Midstate Reclamation Stabilizes 'Fat Clay'

Truck service center requires soil stabilization to support heavy traffic load and extend service life of parking structure.

Midstate used a Wirtgen 2500 reclaimer to blend a cement additive and water with the soft soil to stabilize the parking area of the project.
Midstate used a Wirtgen 2500 reclaimer to blend a cement additive and water with the soft soil to stabilize the parking area of the project.

It's easy to overlook the fact that road preservation specialists are very active in helping building contractors develop successful project sites. But that type of work is an integral part of Tom Johnson's Midstate Reclamation's business. Based in Lakeville, MN, Midstate performs full-depth reclamation, cold in-place recycling, hot in-place recycling, and cold planing.

On a recent Fargo, ND commercial construction project, Midstate was called in to stabilize soft soil conditions common to the Fargo area. As a road reclamation expert, Midstate's knowledge of how to best stabilize a variety of soil conditions provides site developers with the most cost-effective solution in improving the stability of the underlying subgrade before placing an asphalt overlay.

"This was a private full-depth reclamation project for a new building that had a tight deadline for completion," notes Johnson, president and owner of Midstate. "We had another wet spring with flooding in the Fargo area, so we were fortunate to have a few days of dry weather to get in and complete the work required on the six-acre parcel."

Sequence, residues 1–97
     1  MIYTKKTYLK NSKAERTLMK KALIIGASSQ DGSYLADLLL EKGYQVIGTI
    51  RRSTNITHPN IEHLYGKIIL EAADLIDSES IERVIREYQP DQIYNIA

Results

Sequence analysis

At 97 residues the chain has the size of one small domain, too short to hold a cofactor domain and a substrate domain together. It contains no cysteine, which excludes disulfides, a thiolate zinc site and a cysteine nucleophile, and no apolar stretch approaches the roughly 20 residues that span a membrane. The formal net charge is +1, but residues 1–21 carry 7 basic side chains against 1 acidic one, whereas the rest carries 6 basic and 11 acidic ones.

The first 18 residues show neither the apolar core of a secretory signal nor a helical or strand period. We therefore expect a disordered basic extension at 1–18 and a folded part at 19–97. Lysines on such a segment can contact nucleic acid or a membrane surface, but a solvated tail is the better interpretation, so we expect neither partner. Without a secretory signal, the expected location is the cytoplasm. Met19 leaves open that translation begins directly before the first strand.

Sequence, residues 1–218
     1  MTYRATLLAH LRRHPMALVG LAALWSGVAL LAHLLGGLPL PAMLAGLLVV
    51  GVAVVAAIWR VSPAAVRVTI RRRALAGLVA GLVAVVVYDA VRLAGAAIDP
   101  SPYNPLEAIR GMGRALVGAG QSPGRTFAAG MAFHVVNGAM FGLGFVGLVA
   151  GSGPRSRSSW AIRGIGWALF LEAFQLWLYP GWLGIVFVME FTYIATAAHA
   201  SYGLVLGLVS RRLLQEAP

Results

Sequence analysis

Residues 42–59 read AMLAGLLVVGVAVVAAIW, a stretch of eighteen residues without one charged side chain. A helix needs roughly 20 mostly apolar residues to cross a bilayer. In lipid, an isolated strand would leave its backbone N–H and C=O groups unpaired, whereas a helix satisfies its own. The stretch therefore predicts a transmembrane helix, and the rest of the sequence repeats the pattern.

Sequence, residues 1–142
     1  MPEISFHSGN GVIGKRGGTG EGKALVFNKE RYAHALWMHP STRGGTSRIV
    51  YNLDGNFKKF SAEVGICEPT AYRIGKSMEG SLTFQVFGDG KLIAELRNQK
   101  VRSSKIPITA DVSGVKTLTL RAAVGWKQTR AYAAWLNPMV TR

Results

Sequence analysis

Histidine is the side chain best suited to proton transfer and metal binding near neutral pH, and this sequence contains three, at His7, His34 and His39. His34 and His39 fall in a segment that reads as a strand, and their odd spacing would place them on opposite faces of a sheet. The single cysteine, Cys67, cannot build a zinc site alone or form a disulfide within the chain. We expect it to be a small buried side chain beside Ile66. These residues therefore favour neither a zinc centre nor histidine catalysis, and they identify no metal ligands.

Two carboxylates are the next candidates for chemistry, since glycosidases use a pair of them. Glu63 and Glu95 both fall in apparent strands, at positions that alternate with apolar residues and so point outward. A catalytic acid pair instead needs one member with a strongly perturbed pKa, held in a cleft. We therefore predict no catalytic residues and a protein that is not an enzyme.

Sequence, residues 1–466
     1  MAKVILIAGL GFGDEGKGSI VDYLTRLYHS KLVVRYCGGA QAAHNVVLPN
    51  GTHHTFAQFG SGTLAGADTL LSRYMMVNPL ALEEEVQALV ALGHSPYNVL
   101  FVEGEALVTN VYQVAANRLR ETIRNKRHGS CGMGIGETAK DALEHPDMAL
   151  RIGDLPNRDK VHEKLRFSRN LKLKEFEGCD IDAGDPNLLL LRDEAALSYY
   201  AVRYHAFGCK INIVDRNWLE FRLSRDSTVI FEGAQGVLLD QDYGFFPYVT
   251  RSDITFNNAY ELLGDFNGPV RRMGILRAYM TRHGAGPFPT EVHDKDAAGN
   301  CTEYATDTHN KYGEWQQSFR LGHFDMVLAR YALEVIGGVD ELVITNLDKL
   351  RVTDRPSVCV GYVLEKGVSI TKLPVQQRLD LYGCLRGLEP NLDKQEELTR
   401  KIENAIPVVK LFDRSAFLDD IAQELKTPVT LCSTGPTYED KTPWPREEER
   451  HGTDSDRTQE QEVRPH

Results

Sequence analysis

The owner of the new Catco truck service center wanted to stick with a June 11 opening and that required a solid parking lot structure surrounding the building. With a business that services heavy trucks, Midstate decided a cement additive would be the best solution in firming up the soft soil conditions evident throughout the project site.

"When the soil gets wet it takes on a real silty consistency. Fortunately, we had several days of dry conditions that allowed us to get in and get our work done," Johnson says. "We worked with a soil engineer who conducted several tests to determine an appropriate mix design that required a 7% cement additive."

That design translated into 75 pounds of cement per square yard of soil being treated 12 inches deep.

"Our reclaimer is set up to mix cement (spread out over the surface based on mix design requirements), soil and the right amount of water based on computer readouts of existing soil conditions," Johnson says. "Not all building sites are going to have ideal soil conditions and most of the good sites have already been taken, but we believe we can provide the right treatments to achieve a solid and stable product."

About the best way Johnson can describe the soil conditions in the Fargo area is by comparing them with what he is used to in the Minneapolis area.

"Minneapolis soil supports approximately 3,000 pounds per square inch and Fargo approximately 2,000 pounds per square inch. That means a building in Minneapolis requiring a two-foot-wide footing would require a three-foot-wide footing in Fargo," Johnson says. "There's just more movement in the clays of the Fargo area. The cement additive firms up that soft clay, fills the air voids, and within 48 to 72 hours the cement cures, and the structure is solid."

Typically Midstate performs more fly ash stabilization than cement stabilization, but in this particular application, treating 15,000 square yards of soil with 530 tons of cement proved to be the best, most cost-effective solution in building a stable base structure for the property owner.